Usually when I write a blog post, I sit on it for a day or two and reread it a few times before hitting “publish” and unleashing my stream-of-consciousness onto the internet.
Unfortunately, I didn’t do that the other day with the post “Retakes as Mercy.”
I was feeling fired up and published that post without reflecting on my tone. And although I still stand by the heart of what I said, I want to apologize for some of the things the post may have implied about teachers who don’t necessarily agree with me. There are many wonderful teachers out there who do not agree with an “assessments only” or a “retake policy”, and they are wonderful, merciful, Christlike teachers.
Clearly, every year I am trying to grow as a teacher and I certainly am not perfect. Maybe some of the ideas I adhere to so passionately today I may have to revise in the future when I learn more.
First of all, I should have clarified that because I am only a high school English teacher, I do not know how an assessments-only policy and a retake policy would work in other subject areas or for other student age-levels. I can only speak from my own experience that it has worked well for my kids.
Second of all, there might be many other ways of showing mercy to students besides allowing retakes. Some teachers allow test corrections, for example, which I think is a great idea.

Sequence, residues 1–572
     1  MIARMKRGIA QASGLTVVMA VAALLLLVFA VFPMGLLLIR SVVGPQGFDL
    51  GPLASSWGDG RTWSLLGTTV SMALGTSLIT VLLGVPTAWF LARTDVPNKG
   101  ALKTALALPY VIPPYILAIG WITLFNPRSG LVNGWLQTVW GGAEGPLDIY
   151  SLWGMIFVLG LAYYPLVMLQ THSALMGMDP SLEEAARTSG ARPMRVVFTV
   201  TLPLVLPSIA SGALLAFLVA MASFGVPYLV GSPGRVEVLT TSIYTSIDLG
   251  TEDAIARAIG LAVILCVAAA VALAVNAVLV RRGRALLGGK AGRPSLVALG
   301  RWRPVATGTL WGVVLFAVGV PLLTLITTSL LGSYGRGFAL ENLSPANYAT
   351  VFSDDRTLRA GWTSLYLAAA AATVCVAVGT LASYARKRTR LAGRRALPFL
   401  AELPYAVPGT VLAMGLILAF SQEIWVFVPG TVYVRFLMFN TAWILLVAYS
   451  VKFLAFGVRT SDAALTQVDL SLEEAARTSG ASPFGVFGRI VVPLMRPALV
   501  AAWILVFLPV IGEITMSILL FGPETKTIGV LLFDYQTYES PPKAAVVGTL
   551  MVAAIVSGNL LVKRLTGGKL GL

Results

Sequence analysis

Third, a friend reminded me that repentance is an essential part of Church teaching on mercy. God always offers us His mercy, but we cannot receive it unless we repent. Repentance opens us up to mercy.
So, if you want your grading policy to reflect mercy, you also need to make sure it makes room for repentance. I try to do this in my own retake policy, but I can see how students might take advantages of the policy and not use it the right way.
I’m not trying to suggest that failing a quiz because you honestly did not understand the concept is a sin and therefore requires repentance–it’s not and it doesn’t.
But laziness is a sin. Assuming you’re all set without honestly preparing or quizzing yourself–that is, pride–is a sin. Making excuses or blaming others instead of taking responsibility for one’s own learning–vanity or dishonesty–those are sins. And they are all sins by which high school students are tempted and to which many of them succumb to from time to time.
Teachers sometimes succumb to them as well.
I firmly believe that grades should reflect learning. And I firmly believe that one’s grading policy should reflect mercy.
But your grading policy must also encourage repentance–the only way human beings can open themselves up to mercy.
It is important to remember that different teachers may have very different ways of encouraging both mercy and repentance.